Thales takes the helmet out of the helmet-mounted display and brings Top Gun technology to the business jet world. Less than three years after acquiring an innovative line of helmet-mounted displays (HMD) from U.S. helmet-maker Gentex, Thales (Chalet 263, Static B1, Hall Concorde 39) is offering the same technology for applications ranging from civil helicopters and business jets to theLockheed Martin F-22 Raptor stealth fighter, including an a entirely new head-worn display called TopMax.
The basic Scorpion combat HMD is already flying on U.S. Air Force F-16s, A-10s and C-130s, and is being integrated by Airbus on military helicopters. Some 1,300 Scorpions have been delivered, making it one of the world’s top-selling HMDs, and Thales has a 300-unit backlog.
The next steps, on show at the Paris Air Show, are TopEagle and TopMax. The former is a simplified version of Scorpion aimed at non-military helicopters – starting with law enforcement, emergency medical services and coast guard missions. As well as showing basic flight information, the HMD can show navigation data and engine parameters, helping the pilot stay head-out in difficult conditions.
TopMax is part of Thales’ advanced cockpit concept for commercial aircraft, particularly corporate jets which do not have space for a conventional HUD. It uses Scorpion’s display and tracker system, built into a single assembly with a standard commercial headset. Both TopEagle and TopMax could be certificated by the middle of next year, Thales says.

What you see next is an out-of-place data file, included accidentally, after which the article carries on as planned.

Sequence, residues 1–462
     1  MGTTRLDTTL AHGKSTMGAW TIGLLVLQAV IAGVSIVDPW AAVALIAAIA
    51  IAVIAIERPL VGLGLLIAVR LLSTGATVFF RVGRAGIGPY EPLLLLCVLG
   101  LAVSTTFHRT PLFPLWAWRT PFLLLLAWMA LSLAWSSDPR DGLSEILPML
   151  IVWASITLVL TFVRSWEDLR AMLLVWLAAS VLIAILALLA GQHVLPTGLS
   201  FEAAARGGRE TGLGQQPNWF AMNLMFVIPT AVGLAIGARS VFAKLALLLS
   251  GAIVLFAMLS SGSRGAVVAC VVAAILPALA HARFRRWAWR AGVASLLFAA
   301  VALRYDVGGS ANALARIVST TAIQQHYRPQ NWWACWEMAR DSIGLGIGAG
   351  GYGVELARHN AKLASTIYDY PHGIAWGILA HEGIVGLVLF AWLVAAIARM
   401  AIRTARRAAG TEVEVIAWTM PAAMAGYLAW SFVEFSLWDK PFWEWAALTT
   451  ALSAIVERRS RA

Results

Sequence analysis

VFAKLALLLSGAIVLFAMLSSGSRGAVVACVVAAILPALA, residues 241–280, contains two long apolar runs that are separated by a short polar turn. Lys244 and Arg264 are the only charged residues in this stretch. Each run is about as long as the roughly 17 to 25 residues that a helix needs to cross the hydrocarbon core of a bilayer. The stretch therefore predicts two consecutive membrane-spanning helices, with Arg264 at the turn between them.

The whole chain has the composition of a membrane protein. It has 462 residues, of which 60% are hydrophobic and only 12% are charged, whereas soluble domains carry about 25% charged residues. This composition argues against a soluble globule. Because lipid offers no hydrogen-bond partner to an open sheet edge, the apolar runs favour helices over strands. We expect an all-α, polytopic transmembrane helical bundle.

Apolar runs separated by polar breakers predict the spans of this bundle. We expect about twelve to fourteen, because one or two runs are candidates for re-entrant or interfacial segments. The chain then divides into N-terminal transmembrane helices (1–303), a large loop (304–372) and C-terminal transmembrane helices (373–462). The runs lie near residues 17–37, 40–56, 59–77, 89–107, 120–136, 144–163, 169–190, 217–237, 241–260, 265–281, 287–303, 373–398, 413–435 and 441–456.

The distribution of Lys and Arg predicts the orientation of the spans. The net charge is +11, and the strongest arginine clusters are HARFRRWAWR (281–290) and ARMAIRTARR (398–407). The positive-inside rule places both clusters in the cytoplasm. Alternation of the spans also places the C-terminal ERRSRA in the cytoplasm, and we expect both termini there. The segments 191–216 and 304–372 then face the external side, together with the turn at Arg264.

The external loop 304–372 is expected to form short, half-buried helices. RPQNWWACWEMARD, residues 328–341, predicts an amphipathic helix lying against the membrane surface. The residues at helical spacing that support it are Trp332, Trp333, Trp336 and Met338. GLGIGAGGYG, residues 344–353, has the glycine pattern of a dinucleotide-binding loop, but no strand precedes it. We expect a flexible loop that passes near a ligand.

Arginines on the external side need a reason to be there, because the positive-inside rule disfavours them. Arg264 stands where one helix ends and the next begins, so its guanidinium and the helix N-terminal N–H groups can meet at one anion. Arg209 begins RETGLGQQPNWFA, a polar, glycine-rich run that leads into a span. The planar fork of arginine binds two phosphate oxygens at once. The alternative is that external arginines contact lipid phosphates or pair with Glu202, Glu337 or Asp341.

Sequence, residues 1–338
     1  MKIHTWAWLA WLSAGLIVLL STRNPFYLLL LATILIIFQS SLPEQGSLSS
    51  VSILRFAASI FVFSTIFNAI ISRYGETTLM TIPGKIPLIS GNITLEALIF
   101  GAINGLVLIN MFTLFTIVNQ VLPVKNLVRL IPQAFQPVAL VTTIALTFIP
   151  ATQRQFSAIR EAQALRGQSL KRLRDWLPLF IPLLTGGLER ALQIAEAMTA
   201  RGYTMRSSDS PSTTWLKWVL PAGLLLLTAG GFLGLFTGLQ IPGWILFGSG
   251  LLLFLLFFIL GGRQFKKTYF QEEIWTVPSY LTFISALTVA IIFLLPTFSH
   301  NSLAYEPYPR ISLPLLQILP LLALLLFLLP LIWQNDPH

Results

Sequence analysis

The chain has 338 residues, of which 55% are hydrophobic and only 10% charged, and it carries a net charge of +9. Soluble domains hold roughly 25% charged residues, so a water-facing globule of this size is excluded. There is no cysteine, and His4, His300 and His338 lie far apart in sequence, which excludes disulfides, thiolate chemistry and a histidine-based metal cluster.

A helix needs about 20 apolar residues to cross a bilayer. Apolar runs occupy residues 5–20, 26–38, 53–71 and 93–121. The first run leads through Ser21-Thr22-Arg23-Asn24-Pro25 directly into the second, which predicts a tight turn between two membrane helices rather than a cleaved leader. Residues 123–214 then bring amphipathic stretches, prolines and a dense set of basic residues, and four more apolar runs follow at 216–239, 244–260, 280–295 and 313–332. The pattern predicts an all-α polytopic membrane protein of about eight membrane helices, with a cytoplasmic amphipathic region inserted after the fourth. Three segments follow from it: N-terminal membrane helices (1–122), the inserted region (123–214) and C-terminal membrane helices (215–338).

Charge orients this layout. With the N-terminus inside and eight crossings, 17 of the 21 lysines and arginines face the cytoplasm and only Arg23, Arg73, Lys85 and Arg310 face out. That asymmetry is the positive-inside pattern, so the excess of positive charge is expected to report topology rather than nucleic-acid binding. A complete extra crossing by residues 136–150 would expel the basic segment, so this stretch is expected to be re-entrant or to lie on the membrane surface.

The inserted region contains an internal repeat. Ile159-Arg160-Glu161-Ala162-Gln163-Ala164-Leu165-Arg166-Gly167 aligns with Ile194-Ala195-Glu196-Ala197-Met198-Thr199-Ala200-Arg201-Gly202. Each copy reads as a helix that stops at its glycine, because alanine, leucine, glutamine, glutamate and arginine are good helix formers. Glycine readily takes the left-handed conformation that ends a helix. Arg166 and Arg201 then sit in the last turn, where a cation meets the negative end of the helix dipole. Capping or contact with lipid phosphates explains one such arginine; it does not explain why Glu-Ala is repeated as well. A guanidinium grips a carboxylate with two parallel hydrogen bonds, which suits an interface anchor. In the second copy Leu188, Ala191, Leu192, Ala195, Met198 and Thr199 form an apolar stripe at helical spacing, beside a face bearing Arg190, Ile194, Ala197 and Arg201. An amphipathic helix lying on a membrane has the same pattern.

Scorpion and its derivatives have two key advantages over many competitors, the company says. Because it uses a thin, flat optical waveguide combiner rather than visor projection or a bulky prism, it is compatible with standard night-vision goggles.
It also has a hybrid inertial-optical head tracking system which does not use any electronics attached to the aircraft: instead, a camera on the helmet tracks reflective, coded stickers attached to the canopy or cockpit roof. This eliminates the need for magnetic mapping of the cockpit, and calibration and recalibration is a 20-min. operation. It also reduces the non-recurring cost of integrating the helmet with a new type of aircraft.
Both features explain why Scorpion has 400 flight hours in tests on the F-22. The Raptor was intended to use the standard Air Force Joint Helmet-Mounted Cueing System, but the JHMCS display was too big for the F-22’s narrow canopy and its magnetic tracking system created undesirable emissions. Scorpion overcame those issues.